Prevention and early intervention
Investing in prevention and early intervention is a well recognised evidence based approach that offers the best long term outcomes for children and families.
Our policy context - what does the evidence say?
There are several key policy frameworks and evidence guides that inform prevention and early intervention work in NSW:
- The NSW Human Services Outcomes Framework (HSOF) is a cross agency framework that specifies seven wellbeing outcomes for the NSW population, and links these outcomes to evidence on how to achieve them. The Department of Communities and Justice (DCJ) has also applied the HSOF to specific early intervention evidence.
- Brighter Beginnings - the first 2000 days of life is a whole-of-government initiative to give children the best start in life. It is a strategic policy framework developed by NSW Health that outlines the importance of the first 2000 days of a child’s life and guides service delivery priorities to ensure that all children have the best possible start in life.
- The Australian Research Alliance for Children and Youth (ARACY) Better systems, better chances report is an extensive 2015 review of the prevention and early intervention evidence designed to highlight the core components of an optimal prevention and early intervention service system.
- The National Framework for Protecting Australia’s Children is a long term approach to deliver a substantial and sustained reduction in levels of child abuse and neglect over time. The Framework identifies 6 evidence informed outcomes intended to achieve this goal.
- The US Centers for Disease Control and Prevention have collated research and resources on the impact of childhood ‘Adverse Life Experiences’ (ACE’s) on life outcomes. The ACE’s model examines opportunities for prevention by identifying specific childhood experiences and their relationship to health, wellbeing, and opportunity.
- Closing the gap is a national agreement designed to achieve equality in health status, life expectancy and life outcomes for Aboriginal and Torres Strait Islander people, and eliminate the gap between Indigenous and non-Indigenous Australians.
- The Australian Institute of Family Studies has published an evidence review and recommendations for the prevention of child sexual abuse. The review highlights the need to address the underlying causes of child sexual abuse with sustainable prevention efforts.
- The Australian Centre for Child Protection has published an evidence review on improving service responses to vulnerable families during pregnancy and infancy.
- In response to the Royal Commission into Institutional Responses to Child Sexual Abuse, the NSW Government is developing a framework for the prevention of and responses to children with problematic and harmful sexual behaviours.
Key messages from the evidence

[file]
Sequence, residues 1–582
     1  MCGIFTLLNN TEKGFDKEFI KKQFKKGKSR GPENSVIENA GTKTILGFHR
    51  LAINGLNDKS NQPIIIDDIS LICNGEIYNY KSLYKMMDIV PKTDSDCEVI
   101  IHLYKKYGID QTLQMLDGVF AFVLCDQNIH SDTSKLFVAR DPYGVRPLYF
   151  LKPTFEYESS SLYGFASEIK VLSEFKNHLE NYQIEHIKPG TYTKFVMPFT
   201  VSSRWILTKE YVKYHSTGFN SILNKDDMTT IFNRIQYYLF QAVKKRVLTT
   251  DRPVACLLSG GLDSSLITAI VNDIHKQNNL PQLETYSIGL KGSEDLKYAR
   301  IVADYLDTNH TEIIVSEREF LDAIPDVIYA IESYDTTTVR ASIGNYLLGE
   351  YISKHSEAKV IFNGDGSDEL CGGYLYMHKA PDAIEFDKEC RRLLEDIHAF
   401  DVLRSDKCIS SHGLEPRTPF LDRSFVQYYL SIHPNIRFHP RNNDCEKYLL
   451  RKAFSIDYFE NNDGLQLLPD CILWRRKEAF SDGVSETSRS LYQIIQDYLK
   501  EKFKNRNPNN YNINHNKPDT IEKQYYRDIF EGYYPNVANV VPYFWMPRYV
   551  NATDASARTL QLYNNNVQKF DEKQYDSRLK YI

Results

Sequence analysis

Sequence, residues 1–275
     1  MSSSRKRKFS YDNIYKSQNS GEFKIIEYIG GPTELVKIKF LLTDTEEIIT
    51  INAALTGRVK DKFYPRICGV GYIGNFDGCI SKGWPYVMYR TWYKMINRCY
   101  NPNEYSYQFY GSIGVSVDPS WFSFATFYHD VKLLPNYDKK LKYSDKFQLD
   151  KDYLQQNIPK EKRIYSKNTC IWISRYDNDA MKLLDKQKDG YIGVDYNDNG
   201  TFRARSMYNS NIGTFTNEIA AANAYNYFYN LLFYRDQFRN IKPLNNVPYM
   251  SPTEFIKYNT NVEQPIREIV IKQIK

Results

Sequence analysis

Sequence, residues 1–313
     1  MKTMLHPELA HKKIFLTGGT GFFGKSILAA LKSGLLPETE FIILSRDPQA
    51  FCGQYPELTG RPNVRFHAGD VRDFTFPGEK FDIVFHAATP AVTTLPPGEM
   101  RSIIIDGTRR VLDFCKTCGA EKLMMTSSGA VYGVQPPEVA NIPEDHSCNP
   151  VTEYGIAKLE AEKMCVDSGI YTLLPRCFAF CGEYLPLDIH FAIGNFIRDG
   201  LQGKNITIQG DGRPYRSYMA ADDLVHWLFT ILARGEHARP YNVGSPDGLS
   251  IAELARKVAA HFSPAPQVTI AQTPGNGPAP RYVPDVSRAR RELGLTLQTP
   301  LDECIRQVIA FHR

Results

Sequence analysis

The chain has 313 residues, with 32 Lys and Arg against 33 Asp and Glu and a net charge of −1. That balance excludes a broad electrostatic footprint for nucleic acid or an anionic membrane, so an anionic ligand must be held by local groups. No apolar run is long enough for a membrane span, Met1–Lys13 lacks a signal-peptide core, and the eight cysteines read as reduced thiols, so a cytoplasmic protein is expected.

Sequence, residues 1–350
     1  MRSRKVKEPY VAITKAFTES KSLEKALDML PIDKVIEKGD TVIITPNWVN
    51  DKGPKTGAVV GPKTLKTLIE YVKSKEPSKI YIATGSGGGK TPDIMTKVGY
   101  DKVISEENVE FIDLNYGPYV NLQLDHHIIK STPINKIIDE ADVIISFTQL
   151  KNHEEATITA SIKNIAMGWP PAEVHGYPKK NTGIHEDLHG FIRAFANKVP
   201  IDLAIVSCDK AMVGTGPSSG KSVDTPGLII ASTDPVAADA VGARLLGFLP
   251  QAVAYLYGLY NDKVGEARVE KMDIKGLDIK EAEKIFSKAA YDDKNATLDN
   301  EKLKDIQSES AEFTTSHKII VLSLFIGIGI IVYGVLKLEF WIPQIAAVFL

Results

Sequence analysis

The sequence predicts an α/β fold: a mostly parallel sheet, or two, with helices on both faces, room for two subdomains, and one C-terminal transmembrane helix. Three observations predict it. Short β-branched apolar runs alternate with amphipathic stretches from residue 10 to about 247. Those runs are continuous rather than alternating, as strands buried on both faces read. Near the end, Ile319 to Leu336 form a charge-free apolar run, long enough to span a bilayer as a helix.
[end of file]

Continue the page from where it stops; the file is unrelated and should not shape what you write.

The policy and evidence frameworks highlight key prevention and early intervention service delivery and practice lessons.
Key messages for service delivery
The evidence has some clear messages about targeting service delivery for outcomes:
- Prevention matters. A strong foundation of universal services and initiatives that address the broader systemic causes of child abuse and neglect are important sites of investment.
- The prenatal period is a critical time for early intervention. Brain development begins during pregnancy, and this can be a period of high motivation for parents.
- Brain development in early childhood is a key window of opportunity for prevention and early intervention that shapes long term trajectories, particularly in the first 2000 days of a child’s life.
- Brain development during adolescence is another window of opportunity due to the transition to peer influence and increased exposure to risky behaviors.
- Parents, play and home environments matter. Quality of relationships with family is a protective factor from social and economic disadvantage.
- There is no one driver or point of intervention that ensures positive outcomes for all children. A complex mix of risk and protective factors is unique for each family, and requires flexible service delivery that can adapt to individual need.
- An effective system must take into account the specific needs of communities and use responsive approaches, particularly when working with Aboriginal communities, children and families.
Key messages for practice
The evidence has also generated some core practice principles:
- Being strengths based matters for prevention and early intervention as much as for work in tertiary services. Work with families, communities and groups to recognise and build upon strengths. A strengths based approach operates on the assumption that all people, even if they are experiencing problems, have some strengths and resources from which they can draw on to make positive change. A strengths-based approach does not ignore problems and always holds the safety of the child or young person as paramount. It focuses on utilising personal strengths to inform strategies to support individuals.
- Being trauma informed matters. Trauma-Informed Practice is a strengths-based framework grounded in an understanding of and responsiveness to the impact of trauma, that emphasises physical, psychological, and emotional safety for everyone, and that creates opportunities for survivors to rebuild a sense of control and empowerment. Don’t assume being trauma informed is less important in a prevention or early intervention context. Understanding the early experiences of adults and children is critical to being effective.
- Work in partnership with families, communities and other agencies. This is important at each stage of the spectrum.
- Culturally safe approaches are critical to safe and respectful engagement, particularly for Aboriginal children, families and communities.
For more information on evidence informed practice approaches see Working with children and families